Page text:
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Equivalence Class

An equivalence class is defined as a Subset of the form $\{x \in X: xRa\}$, where $a$ is an element of $X$ and the Notation ``$xRy$'' is used to mean that there is an Equivalence Relation between $x$ and $y$. It can be shown that any two equivalence classes are either equal or disjoint, hence the collection of equivalence classes forms a partition of $X$. For all $a,b \in X$, we have $aRb$ Iff $a$ and $b$ belong to the same equivalence class.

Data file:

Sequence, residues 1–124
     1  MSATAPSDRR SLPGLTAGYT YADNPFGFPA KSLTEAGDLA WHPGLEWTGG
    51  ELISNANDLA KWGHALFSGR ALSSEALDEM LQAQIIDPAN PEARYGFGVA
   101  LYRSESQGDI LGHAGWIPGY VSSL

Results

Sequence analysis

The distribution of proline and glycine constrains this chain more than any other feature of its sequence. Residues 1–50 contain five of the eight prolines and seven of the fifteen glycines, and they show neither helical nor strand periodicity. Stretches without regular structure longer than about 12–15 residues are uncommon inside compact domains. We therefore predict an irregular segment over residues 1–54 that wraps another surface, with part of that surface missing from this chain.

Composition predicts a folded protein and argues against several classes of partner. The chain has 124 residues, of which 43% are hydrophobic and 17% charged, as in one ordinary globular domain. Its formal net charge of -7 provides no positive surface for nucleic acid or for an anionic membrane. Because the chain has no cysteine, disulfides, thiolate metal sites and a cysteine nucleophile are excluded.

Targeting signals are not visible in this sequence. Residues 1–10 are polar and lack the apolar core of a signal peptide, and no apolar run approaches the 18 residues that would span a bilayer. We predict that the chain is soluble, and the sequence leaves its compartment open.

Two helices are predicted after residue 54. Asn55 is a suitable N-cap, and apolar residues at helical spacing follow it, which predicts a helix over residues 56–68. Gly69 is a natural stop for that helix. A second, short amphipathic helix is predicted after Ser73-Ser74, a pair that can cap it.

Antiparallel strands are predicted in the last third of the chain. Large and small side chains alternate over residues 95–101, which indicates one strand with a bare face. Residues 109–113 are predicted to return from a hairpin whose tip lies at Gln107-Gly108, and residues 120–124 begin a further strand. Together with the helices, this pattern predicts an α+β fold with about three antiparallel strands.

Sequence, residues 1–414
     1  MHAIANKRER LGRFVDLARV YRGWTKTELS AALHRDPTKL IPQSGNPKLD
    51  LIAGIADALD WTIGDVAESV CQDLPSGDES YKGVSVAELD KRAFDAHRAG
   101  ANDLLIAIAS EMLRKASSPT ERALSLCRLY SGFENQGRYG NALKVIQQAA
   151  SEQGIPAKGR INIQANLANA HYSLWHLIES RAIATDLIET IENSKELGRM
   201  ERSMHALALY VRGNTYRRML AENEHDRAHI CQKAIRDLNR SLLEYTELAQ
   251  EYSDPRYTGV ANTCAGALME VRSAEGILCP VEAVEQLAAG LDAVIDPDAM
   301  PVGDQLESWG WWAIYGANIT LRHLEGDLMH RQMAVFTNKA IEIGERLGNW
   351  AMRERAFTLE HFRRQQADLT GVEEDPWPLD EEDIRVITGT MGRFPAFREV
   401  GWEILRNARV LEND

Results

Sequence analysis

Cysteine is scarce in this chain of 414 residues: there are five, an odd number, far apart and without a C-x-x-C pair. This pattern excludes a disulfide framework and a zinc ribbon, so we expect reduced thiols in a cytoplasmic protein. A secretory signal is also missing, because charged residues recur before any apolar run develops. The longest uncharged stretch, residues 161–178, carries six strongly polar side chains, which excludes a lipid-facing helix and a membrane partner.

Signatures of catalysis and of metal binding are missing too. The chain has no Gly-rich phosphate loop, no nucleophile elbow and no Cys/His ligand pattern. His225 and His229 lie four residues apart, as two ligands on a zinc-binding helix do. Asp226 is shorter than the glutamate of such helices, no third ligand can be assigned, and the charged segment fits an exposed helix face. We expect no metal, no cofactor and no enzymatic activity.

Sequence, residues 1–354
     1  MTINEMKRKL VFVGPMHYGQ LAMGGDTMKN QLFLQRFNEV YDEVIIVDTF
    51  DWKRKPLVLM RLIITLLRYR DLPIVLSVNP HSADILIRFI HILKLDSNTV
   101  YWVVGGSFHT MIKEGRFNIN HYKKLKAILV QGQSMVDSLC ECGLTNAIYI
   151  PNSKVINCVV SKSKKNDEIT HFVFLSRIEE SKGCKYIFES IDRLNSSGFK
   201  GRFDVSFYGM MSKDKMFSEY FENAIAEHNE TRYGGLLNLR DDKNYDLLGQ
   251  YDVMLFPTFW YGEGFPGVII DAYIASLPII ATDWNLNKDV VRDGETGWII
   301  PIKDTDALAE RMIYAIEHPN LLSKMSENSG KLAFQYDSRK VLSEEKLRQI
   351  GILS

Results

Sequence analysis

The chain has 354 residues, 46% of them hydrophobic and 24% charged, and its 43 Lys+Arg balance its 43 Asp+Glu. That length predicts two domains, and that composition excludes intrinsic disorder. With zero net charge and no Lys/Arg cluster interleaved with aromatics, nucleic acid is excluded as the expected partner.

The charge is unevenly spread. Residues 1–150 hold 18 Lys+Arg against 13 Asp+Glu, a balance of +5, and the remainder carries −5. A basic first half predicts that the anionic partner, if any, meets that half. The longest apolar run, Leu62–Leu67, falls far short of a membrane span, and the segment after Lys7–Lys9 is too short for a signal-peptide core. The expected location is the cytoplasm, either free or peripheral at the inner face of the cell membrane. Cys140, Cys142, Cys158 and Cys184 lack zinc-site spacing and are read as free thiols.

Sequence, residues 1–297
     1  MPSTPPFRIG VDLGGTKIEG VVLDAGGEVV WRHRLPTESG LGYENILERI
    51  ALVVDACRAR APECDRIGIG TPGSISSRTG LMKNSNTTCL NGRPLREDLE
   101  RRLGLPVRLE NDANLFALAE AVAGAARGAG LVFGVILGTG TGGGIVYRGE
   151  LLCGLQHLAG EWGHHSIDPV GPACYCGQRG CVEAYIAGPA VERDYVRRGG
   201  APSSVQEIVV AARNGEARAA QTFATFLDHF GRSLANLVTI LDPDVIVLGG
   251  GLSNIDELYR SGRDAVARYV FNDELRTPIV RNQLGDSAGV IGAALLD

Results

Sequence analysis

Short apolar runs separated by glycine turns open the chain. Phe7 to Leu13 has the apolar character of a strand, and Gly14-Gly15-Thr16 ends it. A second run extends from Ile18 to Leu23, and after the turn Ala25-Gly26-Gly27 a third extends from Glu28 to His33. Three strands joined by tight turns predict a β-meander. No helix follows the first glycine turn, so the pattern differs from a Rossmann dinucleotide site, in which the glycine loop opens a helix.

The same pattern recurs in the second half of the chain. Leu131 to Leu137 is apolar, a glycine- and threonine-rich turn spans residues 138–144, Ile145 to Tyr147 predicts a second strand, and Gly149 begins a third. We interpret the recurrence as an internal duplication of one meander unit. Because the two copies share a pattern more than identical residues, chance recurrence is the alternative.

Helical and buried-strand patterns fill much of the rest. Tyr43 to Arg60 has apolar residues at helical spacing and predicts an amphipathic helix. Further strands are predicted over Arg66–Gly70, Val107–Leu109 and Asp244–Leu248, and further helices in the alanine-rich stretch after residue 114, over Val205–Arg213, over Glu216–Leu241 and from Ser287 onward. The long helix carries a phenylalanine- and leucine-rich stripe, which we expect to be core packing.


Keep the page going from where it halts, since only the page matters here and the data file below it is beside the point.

A set of Class Representatives is a Subset of $X$ which contains Exactly One element from each equivalence class.

For $n$ a Positive Integer, and $a,b$ Integers, consider the Congruence $a\equiv b\ \left({{\rm mod\ } {n}}\right)$, then the equivalence classes are the sets $\{\ldots, -2n, -n, 0, n, 2n, \ldots\}$, $\{\ldots, 1-2n, 1-n, 1, 1+n,
1+2n, \ldots\}$ etc. The standard Class Representatives are taken to be 0, 1, 2, ..., $n-1$.

See also Congruence, Coset


Shanks, D. Solved and Unsolved Problems in Number Theory, 4th ed. New York: Chelsea, pp. 56-57, 1993.

© 1996-9 Eric W. Weisstein